Dennison, Christopher R. (2019). The crime-reducing benefits of a college degree: Evidence from a nationally representative U.S. sample. Criminal Justice Studies.
This study uses data from The National Longitudinal Study of Adolescent to Adult Health to examine the robustness of the individual-level association between completing a college degree and involvement in crime in young adulthood. A concern in the study of education and crime is that the relationship might be spurious due to well-known background characteristics that predict both completing college and engaging in crime, such as prior delinquency and family socioeconomic status. To account for this, propensity score weighting and matching techniques are used so that differences in these characteristics are similar between individuals with and without a degree. Results show that compared to those with a high school diploma, attaining a bachelor?s degree is negatively associated with crime. After accounting for selection into higher education, the association between completing college and crime is attenuated in size, though still statistically significant. Findings are discussed in the context of current college enrollment and completion trends in the U.S.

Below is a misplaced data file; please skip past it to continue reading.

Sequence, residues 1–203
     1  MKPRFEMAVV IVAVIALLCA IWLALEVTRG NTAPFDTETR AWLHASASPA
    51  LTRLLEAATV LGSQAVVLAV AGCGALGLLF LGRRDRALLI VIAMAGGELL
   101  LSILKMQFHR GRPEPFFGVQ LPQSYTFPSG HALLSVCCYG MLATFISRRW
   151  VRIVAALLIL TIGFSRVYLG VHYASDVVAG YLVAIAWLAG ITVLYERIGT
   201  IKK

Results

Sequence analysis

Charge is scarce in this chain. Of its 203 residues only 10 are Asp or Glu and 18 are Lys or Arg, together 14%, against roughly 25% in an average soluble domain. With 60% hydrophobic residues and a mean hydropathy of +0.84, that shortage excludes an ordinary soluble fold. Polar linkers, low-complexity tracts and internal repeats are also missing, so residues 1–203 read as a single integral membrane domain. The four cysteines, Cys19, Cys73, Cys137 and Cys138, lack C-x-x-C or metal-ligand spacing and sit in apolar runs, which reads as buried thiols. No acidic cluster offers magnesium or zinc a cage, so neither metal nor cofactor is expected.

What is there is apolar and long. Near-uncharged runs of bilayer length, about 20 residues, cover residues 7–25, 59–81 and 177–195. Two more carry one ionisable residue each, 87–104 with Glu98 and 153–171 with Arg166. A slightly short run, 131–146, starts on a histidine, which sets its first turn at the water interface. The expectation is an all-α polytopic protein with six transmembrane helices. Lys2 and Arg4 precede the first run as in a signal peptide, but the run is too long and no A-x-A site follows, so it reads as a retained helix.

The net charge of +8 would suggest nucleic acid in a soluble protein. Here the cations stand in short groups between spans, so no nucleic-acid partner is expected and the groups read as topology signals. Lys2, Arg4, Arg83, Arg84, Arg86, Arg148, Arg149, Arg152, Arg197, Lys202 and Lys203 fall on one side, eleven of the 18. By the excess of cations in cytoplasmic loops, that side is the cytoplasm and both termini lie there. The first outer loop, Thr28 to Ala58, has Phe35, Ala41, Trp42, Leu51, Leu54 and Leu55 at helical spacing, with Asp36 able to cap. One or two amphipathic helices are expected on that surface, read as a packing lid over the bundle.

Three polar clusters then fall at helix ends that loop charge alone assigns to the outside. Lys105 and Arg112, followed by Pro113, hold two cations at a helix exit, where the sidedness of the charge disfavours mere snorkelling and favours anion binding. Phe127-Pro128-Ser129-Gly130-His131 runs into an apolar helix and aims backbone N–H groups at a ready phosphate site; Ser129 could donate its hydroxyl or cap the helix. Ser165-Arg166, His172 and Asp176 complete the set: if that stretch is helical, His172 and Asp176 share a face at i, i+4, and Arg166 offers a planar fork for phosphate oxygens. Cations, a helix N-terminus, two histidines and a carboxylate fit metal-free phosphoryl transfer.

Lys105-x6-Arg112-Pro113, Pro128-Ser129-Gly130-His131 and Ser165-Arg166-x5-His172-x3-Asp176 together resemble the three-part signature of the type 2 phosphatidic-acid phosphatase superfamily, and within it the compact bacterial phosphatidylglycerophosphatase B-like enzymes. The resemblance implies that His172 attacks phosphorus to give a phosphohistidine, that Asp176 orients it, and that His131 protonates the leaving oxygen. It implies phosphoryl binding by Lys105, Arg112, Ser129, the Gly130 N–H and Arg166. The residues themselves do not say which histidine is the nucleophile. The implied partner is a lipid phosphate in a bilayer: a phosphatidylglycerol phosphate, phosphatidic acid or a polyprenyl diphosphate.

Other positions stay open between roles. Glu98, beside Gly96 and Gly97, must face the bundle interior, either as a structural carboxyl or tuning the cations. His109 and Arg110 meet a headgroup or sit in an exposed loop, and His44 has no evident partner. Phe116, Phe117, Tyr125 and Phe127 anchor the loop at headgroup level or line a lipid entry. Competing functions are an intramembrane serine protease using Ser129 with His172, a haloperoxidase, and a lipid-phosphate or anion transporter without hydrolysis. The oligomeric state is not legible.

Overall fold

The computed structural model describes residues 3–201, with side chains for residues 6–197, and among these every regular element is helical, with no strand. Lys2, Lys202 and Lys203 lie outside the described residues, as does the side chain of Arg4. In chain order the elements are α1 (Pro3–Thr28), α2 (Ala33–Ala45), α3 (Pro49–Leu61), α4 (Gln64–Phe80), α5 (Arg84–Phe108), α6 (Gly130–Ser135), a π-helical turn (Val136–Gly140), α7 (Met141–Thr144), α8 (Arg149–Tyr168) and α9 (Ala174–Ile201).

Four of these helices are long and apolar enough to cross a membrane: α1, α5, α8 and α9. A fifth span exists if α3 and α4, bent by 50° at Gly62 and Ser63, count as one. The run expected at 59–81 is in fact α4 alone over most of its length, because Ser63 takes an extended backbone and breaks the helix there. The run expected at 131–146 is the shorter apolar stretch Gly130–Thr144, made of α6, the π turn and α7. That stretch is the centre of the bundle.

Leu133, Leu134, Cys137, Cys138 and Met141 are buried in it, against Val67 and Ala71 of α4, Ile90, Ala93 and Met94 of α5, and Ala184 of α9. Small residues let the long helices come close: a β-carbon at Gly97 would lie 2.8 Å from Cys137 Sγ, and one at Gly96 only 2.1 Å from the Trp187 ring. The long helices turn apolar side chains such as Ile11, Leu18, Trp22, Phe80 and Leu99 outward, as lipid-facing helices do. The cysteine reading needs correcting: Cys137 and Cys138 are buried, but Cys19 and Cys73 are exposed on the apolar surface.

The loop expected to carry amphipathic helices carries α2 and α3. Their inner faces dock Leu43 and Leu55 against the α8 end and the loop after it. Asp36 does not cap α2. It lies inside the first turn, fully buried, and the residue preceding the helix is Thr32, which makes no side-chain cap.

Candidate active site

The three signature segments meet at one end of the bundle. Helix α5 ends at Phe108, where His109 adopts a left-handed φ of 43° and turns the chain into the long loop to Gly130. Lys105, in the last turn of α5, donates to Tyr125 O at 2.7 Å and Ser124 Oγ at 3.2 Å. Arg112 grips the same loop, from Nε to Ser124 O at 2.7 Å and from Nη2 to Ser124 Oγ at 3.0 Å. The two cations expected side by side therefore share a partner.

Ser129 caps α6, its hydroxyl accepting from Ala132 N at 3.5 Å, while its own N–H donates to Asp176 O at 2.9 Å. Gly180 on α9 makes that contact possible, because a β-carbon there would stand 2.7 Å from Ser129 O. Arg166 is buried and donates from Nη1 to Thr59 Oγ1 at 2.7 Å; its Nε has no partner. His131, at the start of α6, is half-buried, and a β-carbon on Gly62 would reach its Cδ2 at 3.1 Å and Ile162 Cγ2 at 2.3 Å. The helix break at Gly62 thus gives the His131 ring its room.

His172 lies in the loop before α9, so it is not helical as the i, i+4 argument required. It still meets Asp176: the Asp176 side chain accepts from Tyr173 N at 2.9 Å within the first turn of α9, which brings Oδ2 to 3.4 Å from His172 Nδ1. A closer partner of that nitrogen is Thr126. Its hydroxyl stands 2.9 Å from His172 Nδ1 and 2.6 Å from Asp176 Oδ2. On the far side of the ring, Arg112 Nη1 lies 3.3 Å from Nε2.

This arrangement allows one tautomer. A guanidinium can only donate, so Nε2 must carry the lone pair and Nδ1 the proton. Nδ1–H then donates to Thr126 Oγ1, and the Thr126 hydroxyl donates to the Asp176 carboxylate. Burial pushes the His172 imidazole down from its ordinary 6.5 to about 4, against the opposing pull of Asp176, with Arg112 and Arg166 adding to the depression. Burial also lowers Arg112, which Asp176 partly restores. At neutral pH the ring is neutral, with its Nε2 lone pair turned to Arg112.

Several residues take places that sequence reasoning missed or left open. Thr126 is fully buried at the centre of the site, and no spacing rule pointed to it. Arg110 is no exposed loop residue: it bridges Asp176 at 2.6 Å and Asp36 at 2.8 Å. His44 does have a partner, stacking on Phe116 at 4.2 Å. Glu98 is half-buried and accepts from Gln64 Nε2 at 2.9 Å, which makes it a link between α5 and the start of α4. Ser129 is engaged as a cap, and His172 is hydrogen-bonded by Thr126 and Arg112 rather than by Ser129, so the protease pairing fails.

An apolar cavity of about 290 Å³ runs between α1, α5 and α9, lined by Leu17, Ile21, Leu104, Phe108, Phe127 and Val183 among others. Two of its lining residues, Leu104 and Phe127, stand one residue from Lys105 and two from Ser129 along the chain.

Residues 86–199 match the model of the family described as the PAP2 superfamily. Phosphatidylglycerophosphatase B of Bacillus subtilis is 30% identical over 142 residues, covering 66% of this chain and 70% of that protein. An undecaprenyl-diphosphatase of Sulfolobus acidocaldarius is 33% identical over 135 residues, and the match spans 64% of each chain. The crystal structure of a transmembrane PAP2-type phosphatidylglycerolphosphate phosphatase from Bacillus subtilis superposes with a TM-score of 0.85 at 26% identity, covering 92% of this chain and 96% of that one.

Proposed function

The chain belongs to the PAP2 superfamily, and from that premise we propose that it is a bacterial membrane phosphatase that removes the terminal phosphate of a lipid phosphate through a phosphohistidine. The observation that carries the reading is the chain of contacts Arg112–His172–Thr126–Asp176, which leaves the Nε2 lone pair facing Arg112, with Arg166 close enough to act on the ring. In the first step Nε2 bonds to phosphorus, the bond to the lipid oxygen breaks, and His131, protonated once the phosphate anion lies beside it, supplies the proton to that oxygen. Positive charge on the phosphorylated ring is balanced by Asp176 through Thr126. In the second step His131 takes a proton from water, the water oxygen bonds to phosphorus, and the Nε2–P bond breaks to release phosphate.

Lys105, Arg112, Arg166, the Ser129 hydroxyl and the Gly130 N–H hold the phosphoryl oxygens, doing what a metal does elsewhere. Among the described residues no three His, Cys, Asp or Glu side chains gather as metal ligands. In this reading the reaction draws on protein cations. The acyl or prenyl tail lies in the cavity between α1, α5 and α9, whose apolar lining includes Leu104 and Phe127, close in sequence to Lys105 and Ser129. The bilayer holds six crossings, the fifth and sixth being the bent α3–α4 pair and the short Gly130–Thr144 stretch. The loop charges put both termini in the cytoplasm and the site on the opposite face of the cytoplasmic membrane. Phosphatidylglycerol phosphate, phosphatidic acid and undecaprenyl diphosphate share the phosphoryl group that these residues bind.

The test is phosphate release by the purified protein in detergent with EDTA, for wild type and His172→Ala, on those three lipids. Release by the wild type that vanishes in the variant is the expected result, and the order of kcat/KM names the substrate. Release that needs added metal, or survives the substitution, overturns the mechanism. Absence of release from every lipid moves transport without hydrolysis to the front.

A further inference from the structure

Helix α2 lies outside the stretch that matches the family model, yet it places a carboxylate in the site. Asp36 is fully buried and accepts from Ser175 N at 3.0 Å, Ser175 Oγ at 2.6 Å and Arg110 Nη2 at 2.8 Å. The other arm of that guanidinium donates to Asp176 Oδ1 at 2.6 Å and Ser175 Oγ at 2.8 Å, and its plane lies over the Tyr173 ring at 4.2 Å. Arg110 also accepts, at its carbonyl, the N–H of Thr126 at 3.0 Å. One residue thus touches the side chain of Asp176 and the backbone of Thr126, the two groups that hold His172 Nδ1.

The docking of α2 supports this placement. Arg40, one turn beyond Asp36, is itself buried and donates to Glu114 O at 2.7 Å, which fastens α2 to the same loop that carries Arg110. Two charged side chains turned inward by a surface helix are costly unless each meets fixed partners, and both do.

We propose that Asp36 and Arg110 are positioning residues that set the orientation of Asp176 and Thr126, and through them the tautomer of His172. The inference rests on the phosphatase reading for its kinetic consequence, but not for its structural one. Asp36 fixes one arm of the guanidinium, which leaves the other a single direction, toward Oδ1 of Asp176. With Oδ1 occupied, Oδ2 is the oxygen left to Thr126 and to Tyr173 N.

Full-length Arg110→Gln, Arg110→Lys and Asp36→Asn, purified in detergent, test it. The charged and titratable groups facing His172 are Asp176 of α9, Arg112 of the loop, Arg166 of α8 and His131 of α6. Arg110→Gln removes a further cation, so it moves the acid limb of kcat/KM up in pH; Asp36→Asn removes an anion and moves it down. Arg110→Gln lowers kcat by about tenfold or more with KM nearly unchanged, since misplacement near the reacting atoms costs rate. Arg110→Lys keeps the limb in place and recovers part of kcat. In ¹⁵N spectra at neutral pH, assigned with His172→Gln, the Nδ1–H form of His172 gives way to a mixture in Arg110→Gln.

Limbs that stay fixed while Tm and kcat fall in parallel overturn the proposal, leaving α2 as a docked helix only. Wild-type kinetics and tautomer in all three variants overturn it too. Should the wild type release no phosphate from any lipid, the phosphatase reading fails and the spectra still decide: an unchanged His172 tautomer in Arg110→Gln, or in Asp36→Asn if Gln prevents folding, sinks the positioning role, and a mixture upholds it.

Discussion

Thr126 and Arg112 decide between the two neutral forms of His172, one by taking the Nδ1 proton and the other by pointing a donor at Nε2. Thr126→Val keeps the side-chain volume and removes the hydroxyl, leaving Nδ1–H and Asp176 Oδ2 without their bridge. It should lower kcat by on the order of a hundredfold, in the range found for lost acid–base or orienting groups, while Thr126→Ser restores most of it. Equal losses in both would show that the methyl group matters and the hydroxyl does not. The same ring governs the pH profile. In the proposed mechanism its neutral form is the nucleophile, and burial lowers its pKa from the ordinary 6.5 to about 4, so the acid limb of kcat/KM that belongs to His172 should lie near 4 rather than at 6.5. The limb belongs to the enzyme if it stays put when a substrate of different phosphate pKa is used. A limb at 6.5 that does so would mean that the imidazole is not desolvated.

Criminal Justice Studies
Dennison, Christopher R.
June 13, 2019